I gave the book 3.5 stars because I thought it was an interesting read, albeit a disturbing read. I probably would have given it a 4 star rating if the ending would have been a bit better. It leads up and leads up, and then..... just sort of ends. I was reading and then was like "what? huh? that's it?"

I think I would recommend it if you are a fan of books such as Pretty Girl-13 by Liz Coley (the mental illness portion and unreliable narrator and the whole WTF is going on part) or The Collector by John Fowles (the crazy dude who thinks he is helping and loving the lady by kidnapping her). If you are looking for a filler book to read in between series or books, this one is a good one to pick up since it is very short and fast paced.

3.5/5 stars

For this review and more, visit my blog:
http://southernbredsouthernread.blogspot.com/ ( )
  leahlo89 | Nov 2, 2016 |
Keir is a good guy. A pretty decent kicker on the football team, tight with his dad and sisters, friendly with everyone, well-mannered. He's also been in love with Gigi ever since childhood. He would never do anything to hurt her ever. When she accuses Keir of raping her late after a graduation party, Keir can't understand how she could even think that of him, a good guy who loves her. The way things look really aren't what they seem or so Keir wants us to believe.
  Salsabrarian | Feb 2, 2016 |
Chris Lynch’s “Inexcusable” examines an important issue facing contemporary adolescents—date rape—from an often underexamined perspective, the rapist’s. Lynch has created a believably deluded narrator in Keir Sarafian, a popular high school senior who plays on the football team and lives with his widowed father. Keir is by turns arrogant, insecure, oblivious, apologetic, inarticulate, sweet, and insensitive. In short, he could be many teenage boys. Keir, however, takes denial to new depths after he date rapes a girl named Gigi but refuses to take responsibility for his actions.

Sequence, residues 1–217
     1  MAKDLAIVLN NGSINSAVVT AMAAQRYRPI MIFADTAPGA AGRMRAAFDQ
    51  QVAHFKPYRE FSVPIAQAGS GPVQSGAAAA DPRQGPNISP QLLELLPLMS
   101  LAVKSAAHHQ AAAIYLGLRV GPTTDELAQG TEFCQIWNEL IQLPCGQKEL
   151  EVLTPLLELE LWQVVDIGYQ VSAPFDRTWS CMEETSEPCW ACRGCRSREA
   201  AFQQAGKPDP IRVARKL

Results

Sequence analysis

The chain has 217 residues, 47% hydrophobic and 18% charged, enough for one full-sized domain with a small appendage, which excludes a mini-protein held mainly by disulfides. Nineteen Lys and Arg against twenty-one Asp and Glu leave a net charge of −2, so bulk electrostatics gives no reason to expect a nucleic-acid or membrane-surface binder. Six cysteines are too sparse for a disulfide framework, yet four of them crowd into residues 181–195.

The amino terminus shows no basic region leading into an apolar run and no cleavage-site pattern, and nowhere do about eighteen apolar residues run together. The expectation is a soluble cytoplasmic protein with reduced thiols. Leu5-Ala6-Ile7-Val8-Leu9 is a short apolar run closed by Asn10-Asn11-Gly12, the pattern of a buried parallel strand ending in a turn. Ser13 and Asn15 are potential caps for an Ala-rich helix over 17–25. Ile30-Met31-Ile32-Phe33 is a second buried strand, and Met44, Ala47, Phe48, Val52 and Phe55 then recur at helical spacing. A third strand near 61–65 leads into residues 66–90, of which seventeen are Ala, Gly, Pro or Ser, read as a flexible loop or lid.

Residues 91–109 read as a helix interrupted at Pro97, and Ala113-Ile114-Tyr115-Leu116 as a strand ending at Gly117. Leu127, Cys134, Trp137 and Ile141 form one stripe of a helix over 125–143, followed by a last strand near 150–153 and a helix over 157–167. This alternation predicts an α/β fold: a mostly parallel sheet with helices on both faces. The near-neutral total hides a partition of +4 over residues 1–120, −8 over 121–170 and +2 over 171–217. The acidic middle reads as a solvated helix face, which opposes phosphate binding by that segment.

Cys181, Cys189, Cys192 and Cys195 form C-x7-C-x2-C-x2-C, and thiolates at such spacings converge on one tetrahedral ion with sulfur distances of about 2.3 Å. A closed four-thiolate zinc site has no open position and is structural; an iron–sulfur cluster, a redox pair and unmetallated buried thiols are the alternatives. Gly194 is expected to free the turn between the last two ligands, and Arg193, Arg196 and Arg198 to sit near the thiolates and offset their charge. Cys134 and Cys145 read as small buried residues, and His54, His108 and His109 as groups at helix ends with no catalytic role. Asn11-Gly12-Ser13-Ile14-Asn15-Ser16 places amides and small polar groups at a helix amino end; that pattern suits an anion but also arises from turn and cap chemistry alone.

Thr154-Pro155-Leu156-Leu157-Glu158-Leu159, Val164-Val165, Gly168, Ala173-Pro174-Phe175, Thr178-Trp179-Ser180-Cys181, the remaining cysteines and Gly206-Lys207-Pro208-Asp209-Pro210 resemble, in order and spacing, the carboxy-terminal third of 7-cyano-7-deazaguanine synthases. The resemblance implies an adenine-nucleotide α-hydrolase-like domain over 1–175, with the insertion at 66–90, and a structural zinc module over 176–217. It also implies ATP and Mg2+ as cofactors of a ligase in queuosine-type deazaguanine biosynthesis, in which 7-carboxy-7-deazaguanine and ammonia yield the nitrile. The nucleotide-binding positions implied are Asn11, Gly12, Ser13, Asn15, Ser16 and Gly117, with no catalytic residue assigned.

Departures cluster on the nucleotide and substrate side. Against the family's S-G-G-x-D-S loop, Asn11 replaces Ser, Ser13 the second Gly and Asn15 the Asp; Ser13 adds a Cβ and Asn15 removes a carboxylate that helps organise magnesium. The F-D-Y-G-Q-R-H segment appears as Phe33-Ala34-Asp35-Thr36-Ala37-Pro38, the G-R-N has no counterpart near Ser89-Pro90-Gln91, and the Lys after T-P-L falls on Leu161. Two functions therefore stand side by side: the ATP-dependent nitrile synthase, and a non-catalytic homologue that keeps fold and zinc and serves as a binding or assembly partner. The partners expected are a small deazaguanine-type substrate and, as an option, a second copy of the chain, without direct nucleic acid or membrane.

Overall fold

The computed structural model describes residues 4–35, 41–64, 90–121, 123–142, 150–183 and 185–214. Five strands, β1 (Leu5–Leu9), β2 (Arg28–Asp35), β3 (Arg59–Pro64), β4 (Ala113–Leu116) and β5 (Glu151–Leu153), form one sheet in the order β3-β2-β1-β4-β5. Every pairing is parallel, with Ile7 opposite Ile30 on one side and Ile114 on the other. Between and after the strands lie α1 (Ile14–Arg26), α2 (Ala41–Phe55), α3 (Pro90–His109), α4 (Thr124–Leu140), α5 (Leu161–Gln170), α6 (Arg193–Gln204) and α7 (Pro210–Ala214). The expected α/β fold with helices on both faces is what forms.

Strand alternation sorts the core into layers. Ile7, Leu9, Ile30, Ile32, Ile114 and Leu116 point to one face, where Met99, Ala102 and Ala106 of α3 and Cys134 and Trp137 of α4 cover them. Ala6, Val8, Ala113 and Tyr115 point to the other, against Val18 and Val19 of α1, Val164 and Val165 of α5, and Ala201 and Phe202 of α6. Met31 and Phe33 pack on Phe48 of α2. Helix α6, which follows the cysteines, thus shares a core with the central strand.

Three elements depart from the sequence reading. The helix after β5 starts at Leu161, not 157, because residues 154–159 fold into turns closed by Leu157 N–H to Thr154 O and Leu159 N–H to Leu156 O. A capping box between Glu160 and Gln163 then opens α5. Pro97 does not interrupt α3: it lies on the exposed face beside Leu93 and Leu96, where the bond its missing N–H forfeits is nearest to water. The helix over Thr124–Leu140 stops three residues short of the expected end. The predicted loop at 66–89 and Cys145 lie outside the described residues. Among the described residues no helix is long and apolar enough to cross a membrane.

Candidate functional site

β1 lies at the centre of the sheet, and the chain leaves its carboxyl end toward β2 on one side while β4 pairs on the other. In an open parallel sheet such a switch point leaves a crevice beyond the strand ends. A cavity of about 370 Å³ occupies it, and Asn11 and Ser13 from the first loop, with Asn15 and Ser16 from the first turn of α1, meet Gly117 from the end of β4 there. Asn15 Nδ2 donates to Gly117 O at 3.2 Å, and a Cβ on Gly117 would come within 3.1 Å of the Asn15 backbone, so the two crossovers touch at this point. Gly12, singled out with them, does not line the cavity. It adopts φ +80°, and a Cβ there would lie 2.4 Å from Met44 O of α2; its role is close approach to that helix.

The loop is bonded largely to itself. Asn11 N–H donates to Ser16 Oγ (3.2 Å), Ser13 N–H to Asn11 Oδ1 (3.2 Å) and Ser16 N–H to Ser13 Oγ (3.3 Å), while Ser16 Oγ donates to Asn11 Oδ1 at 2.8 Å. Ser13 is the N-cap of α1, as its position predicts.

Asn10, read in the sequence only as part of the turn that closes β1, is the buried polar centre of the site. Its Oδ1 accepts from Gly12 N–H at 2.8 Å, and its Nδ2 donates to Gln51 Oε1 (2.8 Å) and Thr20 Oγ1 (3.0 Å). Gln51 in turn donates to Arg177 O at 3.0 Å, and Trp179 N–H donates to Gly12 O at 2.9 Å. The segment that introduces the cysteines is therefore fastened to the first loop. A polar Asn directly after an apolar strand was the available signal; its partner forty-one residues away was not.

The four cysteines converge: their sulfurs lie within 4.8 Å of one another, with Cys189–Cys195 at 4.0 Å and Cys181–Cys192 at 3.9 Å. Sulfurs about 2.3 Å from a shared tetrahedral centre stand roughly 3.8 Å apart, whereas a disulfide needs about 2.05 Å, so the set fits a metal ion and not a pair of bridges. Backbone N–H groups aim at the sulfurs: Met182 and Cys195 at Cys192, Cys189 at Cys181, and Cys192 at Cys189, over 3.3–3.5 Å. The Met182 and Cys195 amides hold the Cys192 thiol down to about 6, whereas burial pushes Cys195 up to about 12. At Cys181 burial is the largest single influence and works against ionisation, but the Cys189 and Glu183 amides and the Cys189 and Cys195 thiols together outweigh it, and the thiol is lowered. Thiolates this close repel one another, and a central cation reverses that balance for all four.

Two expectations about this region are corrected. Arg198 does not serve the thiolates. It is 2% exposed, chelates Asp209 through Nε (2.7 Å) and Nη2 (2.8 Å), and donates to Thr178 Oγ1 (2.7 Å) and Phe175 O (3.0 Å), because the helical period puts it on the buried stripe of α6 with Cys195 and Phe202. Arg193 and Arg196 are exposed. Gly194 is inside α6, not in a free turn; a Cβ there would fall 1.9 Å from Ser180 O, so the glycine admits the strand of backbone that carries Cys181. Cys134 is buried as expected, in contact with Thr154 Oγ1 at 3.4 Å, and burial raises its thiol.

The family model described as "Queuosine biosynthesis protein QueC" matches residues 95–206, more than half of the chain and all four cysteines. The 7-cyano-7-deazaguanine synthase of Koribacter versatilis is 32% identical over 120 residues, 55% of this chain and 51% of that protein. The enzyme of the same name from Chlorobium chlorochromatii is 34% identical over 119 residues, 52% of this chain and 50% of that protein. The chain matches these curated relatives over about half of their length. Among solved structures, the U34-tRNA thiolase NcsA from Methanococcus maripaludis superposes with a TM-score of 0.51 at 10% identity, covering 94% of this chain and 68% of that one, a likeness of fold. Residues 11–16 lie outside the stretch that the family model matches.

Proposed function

Although Lynch’s novel attempts to tell an important story, it is not so much a story as an extended character sketch. The plot, such as it is, is skeletal. The novel opens in the aftermath of the pivotal event, and the rest of the story—told largely in flashback—focuses on Keir’s past actions, most of which establish him as unreliable narrator—a young man who is not to be trusted as an accurate judge of his own (or his father’s) character. Keir’s flawed character IS the story, really, and every other character—Keir’s father, Keir’s sisters, other members of the football team—are there merely to provide Keir with human interaction.

This minimalist attempt at a plot renders the story—which, focusing as it does on a powerful and important issue—a disappointing shell. Young adult readers, for whom this novel is intended, will easily see through the thin plot and moralistic themes. ( )
  jimrgill | Oct 30, 2015 |
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High school senior and football player Keir sets out to enjoy himself on graduation night, but when he attempts to comfort a friend whose date has left her stranded, things go terribly wrong.

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Told in the first person viewpoint of Keir, a self described nice guy of the events of his senior year of high school. Keir is a fascinating character, but is he telling the whole truth?
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Average: (3.27)